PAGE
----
The Killing Joke is one of the most beloved, and darkest, Batman comic books out there. Fans have been eagerly awaiting this animated adaptation for years and the final result is unlikely to disappoint. Though it’s far from flawless, Batman: The Killing Joke once again displays that, at least in the animated sphere, DC has a strong understanding of what makes their heroes so compelling, even if the film’s narrative is disappointingly muddled.
As far as stories within the Batman canon go, The Killing Joke has all the trappings you’d expect. Initially focusing on Batman’s (Kevin Conroy) difficult relationship with Barbara Gordon (Tara Strong), known primarily as her alter ego Batgirl, before shifting into a classic Caped Crusader against The Joker (Mark Hamill) narrative. The former feels a little too predictable, with Batman being overly protective of his sidekick much to her frustration until she snaps and has a rooftop shouting match with him. It’s been seen before across countless Batman comics, television shows, and animated movies. The latter storyline is also very much a known quantity, but it’s hard to get tired of seeing the conflict between Batman’s order and The Joker’s chaos play out, and that’s no different here.
The Killing Joke can be rather neatly split into two halves, each revolving around either Batgirl or The Joker, which creates a disjointed feeling. It’s akin to two unrelated episodes of Batman: The Animated Series being unceremoniously stitched together. The whole first half sees Batman and Batgirl tracking down a mob boss but this ultimately amounts to very little and is just a device to cause friction between the two heroes. Once The Joker is introduced, the mob narrative is all but abandoned, making the whole first act (and most of the second) feel like mere padding—enjoyable padding, but padding nonetheless.
One interesting twist is that The Killing Joke explores The Joker’s backstory quite substantially, which turns out to be somewhat of a double-edged sword. On one hand, it’s fascinating to see the events that turned a normal family man into a psychopathic trickster, but unfortunately it takes a lot of the mystery out of the character, a trait which has come to define the villain in the past. It’s not helped that his origins are about as cliché as possible. Mark Hamill is the best Joker out there (yes, even better than the late Heath Ledger), so he manages to save a few rather run-of-the-mill flashbacks thanks to strong voice performance.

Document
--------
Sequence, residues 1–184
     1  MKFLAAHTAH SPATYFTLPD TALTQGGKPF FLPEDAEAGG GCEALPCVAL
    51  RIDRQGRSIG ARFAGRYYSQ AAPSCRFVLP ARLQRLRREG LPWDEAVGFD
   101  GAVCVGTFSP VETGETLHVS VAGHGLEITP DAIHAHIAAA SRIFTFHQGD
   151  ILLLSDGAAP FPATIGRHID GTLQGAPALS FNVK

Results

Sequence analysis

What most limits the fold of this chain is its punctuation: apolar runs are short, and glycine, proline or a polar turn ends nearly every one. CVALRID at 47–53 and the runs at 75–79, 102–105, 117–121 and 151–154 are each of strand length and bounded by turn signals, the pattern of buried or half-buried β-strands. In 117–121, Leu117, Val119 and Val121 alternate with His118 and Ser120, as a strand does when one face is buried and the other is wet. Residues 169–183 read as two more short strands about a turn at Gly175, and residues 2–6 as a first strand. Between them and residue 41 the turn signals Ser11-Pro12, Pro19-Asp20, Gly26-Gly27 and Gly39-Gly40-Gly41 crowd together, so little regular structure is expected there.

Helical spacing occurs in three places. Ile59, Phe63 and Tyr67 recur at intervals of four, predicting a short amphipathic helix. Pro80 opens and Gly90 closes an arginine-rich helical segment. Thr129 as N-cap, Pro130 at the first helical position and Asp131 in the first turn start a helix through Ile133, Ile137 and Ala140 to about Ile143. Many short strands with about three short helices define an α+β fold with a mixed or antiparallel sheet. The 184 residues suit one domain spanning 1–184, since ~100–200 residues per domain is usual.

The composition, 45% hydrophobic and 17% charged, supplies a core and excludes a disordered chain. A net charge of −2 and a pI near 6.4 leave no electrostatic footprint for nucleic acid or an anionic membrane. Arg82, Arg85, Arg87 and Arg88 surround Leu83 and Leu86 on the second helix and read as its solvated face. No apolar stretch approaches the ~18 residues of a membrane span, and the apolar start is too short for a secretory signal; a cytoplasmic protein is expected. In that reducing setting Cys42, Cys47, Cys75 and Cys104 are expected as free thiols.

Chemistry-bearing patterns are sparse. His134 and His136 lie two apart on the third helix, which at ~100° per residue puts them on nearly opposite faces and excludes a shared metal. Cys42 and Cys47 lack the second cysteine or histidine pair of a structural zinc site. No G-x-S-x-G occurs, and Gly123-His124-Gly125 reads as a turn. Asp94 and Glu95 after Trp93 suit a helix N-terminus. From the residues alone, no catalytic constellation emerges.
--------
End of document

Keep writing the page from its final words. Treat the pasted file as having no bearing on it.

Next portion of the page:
What’s most disappointing about The Killing Joke however is how cheap it looks. There are some impressively drawn backgrounds, particularly the opening sweep of Gotham City, but otherwise the film is even less visually interesting than The New Batman Adventures. Objects in the foreground often have a blocky quality, making them dull and not in the least bit dynamic. The character models aren’t much better; there’s a real lack of detail on key characters such as Batgirl. The poor aesthetics are barely forgivable, but they do unfortunately blunt the effectiveness of one critical scene, as it all looks so basic that the intended emotional high is never reached.
The voice work is all generally of a strong standard. Thankfully Kevin Conroy returns as Batman (interestingly Bruce Wayne doesn’t feature at all) to reignite his wonderful chemistry with Mark Hamill’s Joker. For much of the movie, Batman is more of a secondary character which is a nice change of pace. He’s been explored countless times, so getting to see his allies/enemies take a little more of the spotlight is a welcome shakeup. Tara Strong really shines as Batgirl, displaying the effect that crime fighting has on a more mentally well-adjusted person, and her ultimate fate is as hard to watch as it is iconic.
Batman: The Killing Joke is another strong entry into the DC animated features collection, standing alongside excellent previous efforts like Under the Red Hood and Mask of the Phantasm. The surprisingly dark tone and few graphic scenes make up for the rather disjointed plot: this is one of the most mature Batman movies to date displaying how grim the world the crime fighter inhabits really is. Afterwards, you may wonder if Gotham City is really worth saving.